Boffins at the Massachusetts Institute of Technology (MIT) claim to have developed a device that can tell whether a person being spoken to is becoming bored.
The Emotional Social Intelligence Prosthesis uses a tiny camera connected to a handheld computer with image recognition and emotion sensing software.
The handheld computer vibrates if it detects that the listener is starting to lose interest in the conversation.
Researchers developed the technology to allow autism sufferers, who often have trouble deciphering social signals, to know whether the person they are talking to is becoming confused or bored with the conversation.
Rana El Kaliouby, from the Media Lab at MIT, told New Scientist that autistic people can fail to pick up on the fact that they are confusing or boring their listeners. "It's sad because people then avoid having conversations with them," she said.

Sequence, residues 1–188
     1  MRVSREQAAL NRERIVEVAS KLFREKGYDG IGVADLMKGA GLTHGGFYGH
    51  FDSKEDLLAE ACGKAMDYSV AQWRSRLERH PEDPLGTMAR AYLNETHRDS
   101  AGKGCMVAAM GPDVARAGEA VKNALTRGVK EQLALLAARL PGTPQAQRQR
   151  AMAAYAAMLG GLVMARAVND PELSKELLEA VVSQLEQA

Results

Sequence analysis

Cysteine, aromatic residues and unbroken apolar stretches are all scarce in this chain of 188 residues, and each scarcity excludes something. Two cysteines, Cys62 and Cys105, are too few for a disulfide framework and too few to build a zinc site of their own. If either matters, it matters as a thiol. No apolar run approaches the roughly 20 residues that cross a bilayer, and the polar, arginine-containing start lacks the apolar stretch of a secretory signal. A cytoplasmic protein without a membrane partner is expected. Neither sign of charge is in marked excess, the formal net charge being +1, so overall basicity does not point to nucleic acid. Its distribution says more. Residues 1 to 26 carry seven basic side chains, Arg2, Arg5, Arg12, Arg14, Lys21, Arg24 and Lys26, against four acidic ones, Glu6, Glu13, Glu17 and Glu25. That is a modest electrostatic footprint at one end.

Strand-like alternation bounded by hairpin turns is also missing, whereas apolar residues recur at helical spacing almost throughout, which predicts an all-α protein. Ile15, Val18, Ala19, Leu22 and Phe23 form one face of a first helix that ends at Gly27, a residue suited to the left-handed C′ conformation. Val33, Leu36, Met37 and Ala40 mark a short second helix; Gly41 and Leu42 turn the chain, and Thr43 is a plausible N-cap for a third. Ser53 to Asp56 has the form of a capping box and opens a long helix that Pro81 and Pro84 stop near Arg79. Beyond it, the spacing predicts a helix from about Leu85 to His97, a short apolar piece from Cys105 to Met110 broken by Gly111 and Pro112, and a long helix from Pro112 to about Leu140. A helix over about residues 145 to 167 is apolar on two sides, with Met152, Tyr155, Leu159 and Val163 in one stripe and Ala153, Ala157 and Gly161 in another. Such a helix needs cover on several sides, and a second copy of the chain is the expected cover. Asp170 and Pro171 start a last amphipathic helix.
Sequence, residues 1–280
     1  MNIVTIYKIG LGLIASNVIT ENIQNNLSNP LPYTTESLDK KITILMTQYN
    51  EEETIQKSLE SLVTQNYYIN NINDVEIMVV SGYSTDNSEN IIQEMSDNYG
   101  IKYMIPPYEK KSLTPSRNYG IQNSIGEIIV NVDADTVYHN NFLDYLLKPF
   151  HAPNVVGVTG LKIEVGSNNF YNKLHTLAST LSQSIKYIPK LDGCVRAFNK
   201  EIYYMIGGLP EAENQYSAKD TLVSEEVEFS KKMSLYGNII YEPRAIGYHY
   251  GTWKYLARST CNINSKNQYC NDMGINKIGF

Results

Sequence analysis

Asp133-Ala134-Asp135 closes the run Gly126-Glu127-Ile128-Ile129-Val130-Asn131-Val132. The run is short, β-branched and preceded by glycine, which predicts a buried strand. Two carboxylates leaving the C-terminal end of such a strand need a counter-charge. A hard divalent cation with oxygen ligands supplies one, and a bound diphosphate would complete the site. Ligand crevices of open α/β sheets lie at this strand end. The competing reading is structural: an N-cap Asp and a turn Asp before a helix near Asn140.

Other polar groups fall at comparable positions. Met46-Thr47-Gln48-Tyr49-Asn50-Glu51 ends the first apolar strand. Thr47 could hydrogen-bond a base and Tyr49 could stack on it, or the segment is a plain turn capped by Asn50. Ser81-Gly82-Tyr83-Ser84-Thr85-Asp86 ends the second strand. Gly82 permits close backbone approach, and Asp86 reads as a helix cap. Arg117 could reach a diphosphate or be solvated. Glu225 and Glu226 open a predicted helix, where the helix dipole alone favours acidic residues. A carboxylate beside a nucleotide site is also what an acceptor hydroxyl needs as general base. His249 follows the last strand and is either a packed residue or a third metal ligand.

The device is based on software developed by Kaliouby in 2004, in conjunction with the University of Cambridge's Peter Robinson, which tracks the movements of eyebrows, lips and nose, as well as head tilts, nods and shakes.
The software needs just a few seconds of video to tell whether a person is concentrating, unsure, thinking or in agreement or not.
The system is being developed as a joint effort between Kaliouby and MIT colleagues Rosalind Picard and Alea Teeters.
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